We were honored to have volunteers Hans and Rev. Gary perform for the 4th floor Oncology Unit this afternoon. Today Hans played the violin and Rev. Gary played the guitar. Patients, family members, and hospital staff enjoyed watching their performance in the family lounge. Patients also listened from their hospital beds with the doors open.

Hans and Rev. Gary are happy to visit two times each month. One visit will be on the 4th floor Oncology Unit and the other will be on the 3rd floor Bone Marrow Transplant Unit.

Not your usual day at the hospital (Development through music)

Music / February 22, 2013


Today, I shared music with 2 pediatric patients and their families.  On a “usual” day on the pediatrics unit, patients eat, sleep, take medications, eat, sleep, and repeat.  But on these days, they are also cared for by their doctors and nurses, visited by child-life specialists, and engage in activities with other Healing Arts volunteers.  These are the “not so usual” moments in which pediatric patients get to develop in their social interactions, express emotions, and maybe even get a little exercise (improving upon their physical development).

Music experiences can be used to help pediatric patients develop socially, emotionally, and physically, among other areas.  Too often, the circumstances which keep a child bed-bound may also keep a child from developing like their typical peers.  As a music therapy student, I have learned techniques and interventions to help children work on their developmental needs.

As a volunteer with the Healing Arts Program, I perform patients’ favorite music and invite them to join in with me in the music-making process.  (The performances I share are similar to music therapy techniques and interventions, but because I am not yet a board-certified music therapist, I use music performances which may lead to positive changes and benefits, such as a child developing socially, physically, and emotionally while making music.  For more on music therapy techniques, interventions, and general information about music therapy, you can check out www.musictherapy.org)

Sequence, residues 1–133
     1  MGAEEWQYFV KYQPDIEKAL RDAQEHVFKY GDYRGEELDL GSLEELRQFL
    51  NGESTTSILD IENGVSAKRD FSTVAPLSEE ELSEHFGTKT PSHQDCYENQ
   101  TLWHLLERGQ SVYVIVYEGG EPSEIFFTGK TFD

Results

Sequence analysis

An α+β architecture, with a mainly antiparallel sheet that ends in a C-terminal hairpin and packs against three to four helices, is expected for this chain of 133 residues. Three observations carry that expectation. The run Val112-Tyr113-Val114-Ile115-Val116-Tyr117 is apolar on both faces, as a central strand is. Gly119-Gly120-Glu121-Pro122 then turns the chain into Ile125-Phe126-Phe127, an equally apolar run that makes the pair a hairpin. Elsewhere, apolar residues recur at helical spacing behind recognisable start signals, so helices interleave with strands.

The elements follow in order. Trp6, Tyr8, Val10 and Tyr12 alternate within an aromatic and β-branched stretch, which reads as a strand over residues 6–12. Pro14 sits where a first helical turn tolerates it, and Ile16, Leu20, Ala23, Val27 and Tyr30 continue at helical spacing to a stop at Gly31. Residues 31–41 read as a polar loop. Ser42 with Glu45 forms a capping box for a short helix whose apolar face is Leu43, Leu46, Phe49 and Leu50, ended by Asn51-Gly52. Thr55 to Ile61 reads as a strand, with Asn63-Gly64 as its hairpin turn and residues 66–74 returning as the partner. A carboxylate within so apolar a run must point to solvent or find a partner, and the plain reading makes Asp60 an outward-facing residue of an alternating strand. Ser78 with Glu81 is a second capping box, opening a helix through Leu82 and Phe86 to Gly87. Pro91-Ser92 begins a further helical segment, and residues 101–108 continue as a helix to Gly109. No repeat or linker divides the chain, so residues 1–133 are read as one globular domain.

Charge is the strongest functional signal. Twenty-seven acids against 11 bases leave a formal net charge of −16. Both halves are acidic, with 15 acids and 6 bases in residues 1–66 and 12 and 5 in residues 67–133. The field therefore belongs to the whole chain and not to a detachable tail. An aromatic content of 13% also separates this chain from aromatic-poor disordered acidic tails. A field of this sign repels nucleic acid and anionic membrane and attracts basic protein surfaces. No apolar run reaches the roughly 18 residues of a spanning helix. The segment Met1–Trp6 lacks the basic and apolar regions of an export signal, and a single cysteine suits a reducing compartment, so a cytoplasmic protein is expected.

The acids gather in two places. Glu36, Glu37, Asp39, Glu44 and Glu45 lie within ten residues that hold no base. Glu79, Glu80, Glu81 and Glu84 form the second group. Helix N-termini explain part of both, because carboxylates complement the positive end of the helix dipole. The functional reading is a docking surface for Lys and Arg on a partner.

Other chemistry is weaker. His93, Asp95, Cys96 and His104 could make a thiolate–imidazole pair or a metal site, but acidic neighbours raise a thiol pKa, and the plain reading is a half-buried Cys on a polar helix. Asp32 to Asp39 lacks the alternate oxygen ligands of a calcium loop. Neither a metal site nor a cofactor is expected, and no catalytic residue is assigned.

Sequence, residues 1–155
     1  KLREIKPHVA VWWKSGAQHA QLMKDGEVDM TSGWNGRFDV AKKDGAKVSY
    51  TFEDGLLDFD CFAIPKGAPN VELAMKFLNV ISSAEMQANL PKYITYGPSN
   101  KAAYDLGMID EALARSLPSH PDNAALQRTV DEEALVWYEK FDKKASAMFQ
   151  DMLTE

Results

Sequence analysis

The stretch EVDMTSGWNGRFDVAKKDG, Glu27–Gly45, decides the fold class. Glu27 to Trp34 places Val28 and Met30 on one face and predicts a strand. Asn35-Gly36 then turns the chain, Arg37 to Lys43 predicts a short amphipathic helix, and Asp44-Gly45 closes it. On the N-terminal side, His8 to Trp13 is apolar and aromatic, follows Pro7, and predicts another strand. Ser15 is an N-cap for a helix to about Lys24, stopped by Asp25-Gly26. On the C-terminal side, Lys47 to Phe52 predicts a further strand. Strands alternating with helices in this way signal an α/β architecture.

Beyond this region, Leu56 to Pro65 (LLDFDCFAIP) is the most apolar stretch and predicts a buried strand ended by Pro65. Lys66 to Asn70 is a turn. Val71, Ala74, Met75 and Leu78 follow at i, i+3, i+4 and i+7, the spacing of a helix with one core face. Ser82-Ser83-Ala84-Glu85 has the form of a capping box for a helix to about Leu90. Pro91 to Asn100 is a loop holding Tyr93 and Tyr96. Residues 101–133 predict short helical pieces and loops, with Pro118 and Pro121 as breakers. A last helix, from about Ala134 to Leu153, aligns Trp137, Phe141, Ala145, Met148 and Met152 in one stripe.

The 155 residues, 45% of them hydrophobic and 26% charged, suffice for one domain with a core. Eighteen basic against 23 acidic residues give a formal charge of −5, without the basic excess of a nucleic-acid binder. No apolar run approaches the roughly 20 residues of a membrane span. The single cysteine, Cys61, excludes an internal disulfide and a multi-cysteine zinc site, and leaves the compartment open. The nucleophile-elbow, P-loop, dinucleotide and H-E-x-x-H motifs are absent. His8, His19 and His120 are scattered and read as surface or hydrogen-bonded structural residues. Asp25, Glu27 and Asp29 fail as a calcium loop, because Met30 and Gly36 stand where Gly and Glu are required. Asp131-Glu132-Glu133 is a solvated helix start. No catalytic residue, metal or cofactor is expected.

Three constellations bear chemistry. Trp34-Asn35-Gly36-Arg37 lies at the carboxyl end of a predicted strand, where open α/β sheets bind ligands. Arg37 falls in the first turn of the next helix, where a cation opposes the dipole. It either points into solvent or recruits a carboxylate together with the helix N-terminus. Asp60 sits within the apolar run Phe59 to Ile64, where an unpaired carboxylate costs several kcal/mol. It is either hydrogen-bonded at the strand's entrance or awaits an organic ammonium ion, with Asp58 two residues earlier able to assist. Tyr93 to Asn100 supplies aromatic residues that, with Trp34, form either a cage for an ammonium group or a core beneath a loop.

Today, the patients I visited sang along, shook maracas, and played a mean tambourine beat.  In doing so, one patient went from lying down in his bed at the start of our visit to sitting upright, smiling, and exercising his upper body while playing maracas along with me.  After listening to the lyrics of a reflective song, that same patient also expressed his thankfulness for his family and the support they’ve given him throughout his illness.  Another patient giggled and smiled at her father as they played together with me to Katy Perry’s “Firework”.  Her dad had never heard of the song (or Katy Perry, for that matter!), but he joined right in, willing to engage in social and healthy interactions with his daughter while passing time at the hospital.

As a music volunteer for the Healing Arts Program, I’ve had other powerful moments like these in which I’ve shared music with pediatric patients, Bone Marrow Transplant patients, and oncology patients.  I look forward to sharing more stories with you about how music can be used as a powerful tool to meet physical, social, emotional, and spiritual needs of hospital patients.



Special Musical Guest

Music, Performances / February 8, 2013

Special musical guest, Katherine Dines stops by to perform Hunk-Ta-Bunk-Ta Music to pediatric kids.